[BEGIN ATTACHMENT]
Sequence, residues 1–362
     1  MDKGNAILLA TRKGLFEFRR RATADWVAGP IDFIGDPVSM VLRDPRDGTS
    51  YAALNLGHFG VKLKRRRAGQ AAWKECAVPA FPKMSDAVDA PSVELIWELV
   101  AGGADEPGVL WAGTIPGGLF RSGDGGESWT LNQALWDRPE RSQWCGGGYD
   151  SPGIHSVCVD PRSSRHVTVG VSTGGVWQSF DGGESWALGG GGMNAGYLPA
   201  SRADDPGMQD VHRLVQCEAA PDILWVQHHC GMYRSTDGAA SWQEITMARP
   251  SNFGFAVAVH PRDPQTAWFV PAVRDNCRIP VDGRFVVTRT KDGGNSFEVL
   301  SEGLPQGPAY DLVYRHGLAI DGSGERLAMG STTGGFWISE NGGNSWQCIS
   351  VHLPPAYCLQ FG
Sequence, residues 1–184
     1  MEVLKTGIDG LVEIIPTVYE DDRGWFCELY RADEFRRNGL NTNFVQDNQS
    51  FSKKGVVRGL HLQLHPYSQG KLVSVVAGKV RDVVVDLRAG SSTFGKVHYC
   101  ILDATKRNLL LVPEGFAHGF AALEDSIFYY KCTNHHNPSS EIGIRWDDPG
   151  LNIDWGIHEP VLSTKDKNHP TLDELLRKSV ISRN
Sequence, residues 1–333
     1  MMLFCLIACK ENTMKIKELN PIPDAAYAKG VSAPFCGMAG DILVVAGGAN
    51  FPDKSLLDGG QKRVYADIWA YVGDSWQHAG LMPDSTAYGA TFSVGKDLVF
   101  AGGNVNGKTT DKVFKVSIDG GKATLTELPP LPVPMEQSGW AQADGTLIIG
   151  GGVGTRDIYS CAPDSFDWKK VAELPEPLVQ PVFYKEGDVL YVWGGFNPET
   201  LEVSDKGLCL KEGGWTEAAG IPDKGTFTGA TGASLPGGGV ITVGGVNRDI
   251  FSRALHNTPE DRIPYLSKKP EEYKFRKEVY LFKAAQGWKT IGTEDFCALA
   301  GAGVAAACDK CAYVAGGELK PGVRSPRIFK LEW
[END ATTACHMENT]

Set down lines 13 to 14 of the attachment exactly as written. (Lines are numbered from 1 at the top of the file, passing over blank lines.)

   101  ILDATKRNLL LVPEGFAHGF AALEDSIFYY KCTNHHNPSS EIGIRWDDPG
   151  LNIDWGIHEP VLSTKDKNHP TLDELLRKSV ISRN